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Comments on Suggestion for allowing to mark answers as "accepted", "outdated" or "dangerous"

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Suggestion for allowing to mark answers as "accepted", "outdated" or "dangerous"

+26
−1

Currently, it is possible to upvote and downvote answers. That's likely enough in most situations, but there are some cases where you might want to have more than one way to react to a post.

For example, imagine you are on Software Development and an answer suggests a solution that drastically impedes your system's security. Or you are on Electrical Engineering and the answer suggests something that might electrocute you. In these cases, a downvote might not be enough of a signal to warn users of such possible dangers.

Another possible situation is "accepting answers", a concept that exists on most common Q&A sites. Unlike other sites, we decided quite early that a single vote from the asker shouldn't impact answer sort order.

And yet another feature suggested and strongly advocated for by some users is the option of "signed votes", mostly seen as a way for experts or highly reputable community members to give more weight to their votes by publicly endorsing (or refuting) a specific answer.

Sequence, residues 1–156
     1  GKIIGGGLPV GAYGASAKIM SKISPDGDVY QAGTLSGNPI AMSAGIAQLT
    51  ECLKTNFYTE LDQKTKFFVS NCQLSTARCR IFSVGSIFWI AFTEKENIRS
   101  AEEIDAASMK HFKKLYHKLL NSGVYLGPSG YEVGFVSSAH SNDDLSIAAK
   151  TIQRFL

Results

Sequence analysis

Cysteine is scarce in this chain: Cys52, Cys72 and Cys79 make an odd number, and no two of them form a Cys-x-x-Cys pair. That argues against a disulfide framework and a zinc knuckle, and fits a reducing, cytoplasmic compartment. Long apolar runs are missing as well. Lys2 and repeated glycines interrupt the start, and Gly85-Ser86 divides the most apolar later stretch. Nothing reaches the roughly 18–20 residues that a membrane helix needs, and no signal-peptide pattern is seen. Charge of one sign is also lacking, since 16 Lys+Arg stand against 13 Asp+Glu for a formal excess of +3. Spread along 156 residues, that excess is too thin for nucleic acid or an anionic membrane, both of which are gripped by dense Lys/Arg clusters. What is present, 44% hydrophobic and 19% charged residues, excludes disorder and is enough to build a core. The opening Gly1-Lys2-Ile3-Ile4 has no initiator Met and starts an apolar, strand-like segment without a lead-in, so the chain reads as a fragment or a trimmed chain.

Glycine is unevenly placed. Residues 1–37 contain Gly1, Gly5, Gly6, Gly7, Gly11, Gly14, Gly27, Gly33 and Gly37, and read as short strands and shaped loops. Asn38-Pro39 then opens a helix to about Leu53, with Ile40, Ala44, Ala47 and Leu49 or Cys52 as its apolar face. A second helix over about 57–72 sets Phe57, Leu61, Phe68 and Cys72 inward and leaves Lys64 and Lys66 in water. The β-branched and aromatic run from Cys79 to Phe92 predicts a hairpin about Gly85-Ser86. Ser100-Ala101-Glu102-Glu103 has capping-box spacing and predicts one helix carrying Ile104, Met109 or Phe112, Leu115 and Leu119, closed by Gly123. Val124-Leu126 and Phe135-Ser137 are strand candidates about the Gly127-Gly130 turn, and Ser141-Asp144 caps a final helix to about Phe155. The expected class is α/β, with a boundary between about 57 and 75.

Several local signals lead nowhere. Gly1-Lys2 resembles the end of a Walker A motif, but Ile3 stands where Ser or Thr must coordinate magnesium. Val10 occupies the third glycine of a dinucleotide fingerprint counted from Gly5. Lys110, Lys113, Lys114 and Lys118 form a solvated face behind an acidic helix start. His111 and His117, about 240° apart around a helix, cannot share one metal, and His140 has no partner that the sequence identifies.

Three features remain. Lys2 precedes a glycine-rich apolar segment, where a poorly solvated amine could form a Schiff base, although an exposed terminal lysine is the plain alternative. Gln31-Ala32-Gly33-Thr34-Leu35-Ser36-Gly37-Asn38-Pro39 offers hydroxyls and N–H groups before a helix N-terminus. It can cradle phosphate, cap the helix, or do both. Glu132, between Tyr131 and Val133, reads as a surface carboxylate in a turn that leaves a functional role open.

I think I've got a solution, one that might provide a framework for commmunities to solve all these use cases. We discussed this in chat and tossed some ideas around, and I must say that I absolutely love the current proposal:


Communities will be able to define a small set of "reactions", which can be applied to posts. Default (or recommended) reactions would likely be:

  • ☑ This post works for me (= accepting an answer, but not only by OP)
  • ⏳ This post is outdated
  • ⚠ This post is dangerous

However, communities might want to have different reactions. For example, Cooking might want to have

  • 😋 This is tasty
  • 🤮 This doesn't taste good

Once applied to answers, there would be a little box/badge above the answer, which contains the selected reaction and a list of users who have chosen that reaction. I used the developer tools in my browser to simulate what this might look like. Imagin, that the tooltip on the first badge says the names of the users choosing that reaction.

Mockup showing two badges (works for many users & found dangerous by one user) above a post